Know Thyself: An analytics-based approach to combating living off the land attacks

Aristotle once said, “Knowing oneself is the beginning of all wisdom.” That saying is as valid today for the modern healthcare organization as it was for the people of ancient Greece.

Healthcare organizations falling victim to ransomware and other cyberattacks continue to occur at an alarming rate. While dwell times are decreasing, it is still not uncommon for attackers to remain on a network for weeks to explore an organization’s internal infrastructure, exfiltrate data, and ensure widespread compromise of devices, before launching any malicious payloads.

If one considers how this behavior often goes unnoticed, it leads us to consider that perhaps we do not know or understand the behaviors of our own IT infrastructure well enough. After all, if we can’t say with confidence what normal behavior is on our network, how are we supposed to be able to identify, in a timely manner, something that isn’t normal?

Too often we limit ourselves to focusing solely on tools that attempt to detect known bad, but we often forget that clearly understanding known good can be just as important, if not more so.

In recent years, this understanding of what behaviors are supposed to occur, as well as where, on a given network has become increasingly critical as attackers have increasingly shifted toward subsistence strategies, where legitimate tools that are either native to an operating system, or commonly installed on desktop computers and servers, and abused for malicious purposes.

LOL often provides an effective way to bypass security tools, as many LOL techniques are difficult for security vendors to block without negatively impacting a portion of their customer base.

For example, an attacker sometimes bypasses endpoint security by invoking the bcdedit command, built into Windows, which allows computers to start in safe mode for troubleshooting and repair purposes.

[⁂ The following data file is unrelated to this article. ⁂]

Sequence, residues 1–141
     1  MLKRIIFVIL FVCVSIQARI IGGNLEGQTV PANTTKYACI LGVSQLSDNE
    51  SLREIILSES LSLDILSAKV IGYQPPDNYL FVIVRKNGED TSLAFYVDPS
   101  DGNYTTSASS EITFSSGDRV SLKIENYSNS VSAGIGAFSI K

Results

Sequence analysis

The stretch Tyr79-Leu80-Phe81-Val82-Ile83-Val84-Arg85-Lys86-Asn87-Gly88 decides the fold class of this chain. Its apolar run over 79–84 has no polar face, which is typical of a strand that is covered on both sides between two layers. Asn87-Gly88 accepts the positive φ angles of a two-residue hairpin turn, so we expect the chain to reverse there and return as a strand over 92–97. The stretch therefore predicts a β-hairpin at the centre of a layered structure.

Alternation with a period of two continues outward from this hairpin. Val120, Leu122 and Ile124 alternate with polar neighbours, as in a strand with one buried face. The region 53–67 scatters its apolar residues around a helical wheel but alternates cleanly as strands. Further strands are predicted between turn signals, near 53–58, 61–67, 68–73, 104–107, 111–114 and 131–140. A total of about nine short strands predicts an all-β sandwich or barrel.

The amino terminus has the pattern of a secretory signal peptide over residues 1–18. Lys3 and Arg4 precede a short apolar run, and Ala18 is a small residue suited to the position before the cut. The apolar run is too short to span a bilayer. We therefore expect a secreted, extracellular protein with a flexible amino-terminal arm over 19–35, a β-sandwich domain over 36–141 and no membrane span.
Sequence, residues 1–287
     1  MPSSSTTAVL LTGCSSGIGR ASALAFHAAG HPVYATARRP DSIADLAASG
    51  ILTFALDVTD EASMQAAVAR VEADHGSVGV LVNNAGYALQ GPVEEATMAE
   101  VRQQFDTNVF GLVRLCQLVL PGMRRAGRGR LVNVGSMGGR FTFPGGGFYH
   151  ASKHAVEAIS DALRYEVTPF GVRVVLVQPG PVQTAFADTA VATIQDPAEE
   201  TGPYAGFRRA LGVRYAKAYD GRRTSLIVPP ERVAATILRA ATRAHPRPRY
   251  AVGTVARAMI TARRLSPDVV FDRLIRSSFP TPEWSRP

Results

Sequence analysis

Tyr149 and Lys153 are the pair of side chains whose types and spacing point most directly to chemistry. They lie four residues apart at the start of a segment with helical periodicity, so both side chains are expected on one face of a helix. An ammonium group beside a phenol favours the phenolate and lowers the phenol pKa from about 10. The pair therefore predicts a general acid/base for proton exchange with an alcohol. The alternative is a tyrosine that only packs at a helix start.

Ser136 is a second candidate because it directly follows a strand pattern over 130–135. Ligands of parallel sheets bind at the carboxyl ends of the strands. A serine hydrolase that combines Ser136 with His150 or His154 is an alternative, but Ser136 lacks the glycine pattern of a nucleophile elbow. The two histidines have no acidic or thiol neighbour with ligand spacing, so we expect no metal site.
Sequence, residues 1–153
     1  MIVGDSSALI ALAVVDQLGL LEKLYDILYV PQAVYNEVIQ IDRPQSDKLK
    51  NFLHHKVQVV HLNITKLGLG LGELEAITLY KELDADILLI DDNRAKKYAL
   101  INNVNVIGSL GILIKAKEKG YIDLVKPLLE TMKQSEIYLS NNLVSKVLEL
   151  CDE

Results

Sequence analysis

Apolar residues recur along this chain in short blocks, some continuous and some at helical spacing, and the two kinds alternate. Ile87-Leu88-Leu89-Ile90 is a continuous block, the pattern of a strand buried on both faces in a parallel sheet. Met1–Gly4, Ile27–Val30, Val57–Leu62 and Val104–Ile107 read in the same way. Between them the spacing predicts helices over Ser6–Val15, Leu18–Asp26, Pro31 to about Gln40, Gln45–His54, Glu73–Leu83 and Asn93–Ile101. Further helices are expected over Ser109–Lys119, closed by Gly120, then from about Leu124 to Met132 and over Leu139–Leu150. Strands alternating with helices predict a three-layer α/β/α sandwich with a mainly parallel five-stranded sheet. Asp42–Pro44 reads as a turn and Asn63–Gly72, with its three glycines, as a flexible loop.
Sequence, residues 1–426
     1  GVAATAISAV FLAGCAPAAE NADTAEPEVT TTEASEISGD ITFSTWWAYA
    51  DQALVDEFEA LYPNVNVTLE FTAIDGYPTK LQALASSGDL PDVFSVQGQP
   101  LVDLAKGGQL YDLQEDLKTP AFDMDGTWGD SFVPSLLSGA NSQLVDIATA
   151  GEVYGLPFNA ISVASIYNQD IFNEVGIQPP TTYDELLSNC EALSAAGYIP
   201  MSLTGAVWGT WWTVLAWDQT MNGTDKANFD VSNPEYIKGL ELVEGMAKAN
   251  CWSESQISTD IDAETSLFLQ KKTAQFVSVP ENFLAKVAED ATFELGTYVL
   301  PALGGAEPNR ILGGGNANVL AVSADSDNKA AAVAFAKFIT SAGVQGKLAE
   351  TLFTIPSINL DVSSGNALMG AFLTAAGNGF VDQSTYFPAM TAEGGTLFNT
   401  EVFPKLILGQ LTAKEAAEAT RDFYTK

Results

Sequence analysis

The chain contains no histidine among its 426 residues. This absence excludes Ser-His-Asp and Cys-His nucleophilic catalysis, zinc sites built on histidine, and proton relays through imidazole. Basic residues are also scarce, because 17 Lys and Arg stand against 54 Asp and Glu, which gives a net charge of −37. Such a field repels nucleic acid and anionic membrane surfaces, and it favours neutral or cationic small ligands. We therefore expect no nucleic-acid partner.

Similarly, Powershell, cscript, wscript, certutil, and many other commands and applications are routinely abused. He LOLBÁS Project provides great insights into a host of ways these abuses can occur.

While the number of LOL techniques may seem overwhelming, it is possible to begin taking steps to curb the effectiveness of various LOL techniques by considering the application of some basic data analysis.

We can start by using EDR or another endpoint security tool to begin detecting and logging the execution of LOL binaries that interest us and then, over a period of time, collect a data set of executions that can help us establish a picture of how often. a particular binary is run, who runs it, where it is run from, etc.

Once we have this data, we can see that LOL techniques can typically be classified into one or more of several categories:

  1. Binary is widely used. For example, PowerPoint.exe or another MS Office application will be used extensively and probably cannot be blocked without causing major problems. It is also likely to generate a very noisy and therefore useless alert unless something can be done to refine it further. Binaries in the category should be considered normal behavior for the environment or, if blocking is required, should be combined with other elements of an execution path or specific command line arguments used to invoke the binary. For example, blocking PowerPoint would be disastrous, but blocking the use of PowerPoint to launch Powershell, a common malware technique, may be entirely possible. Adding an execution path or command line arguments to the detection can change its detection to one of the other categories.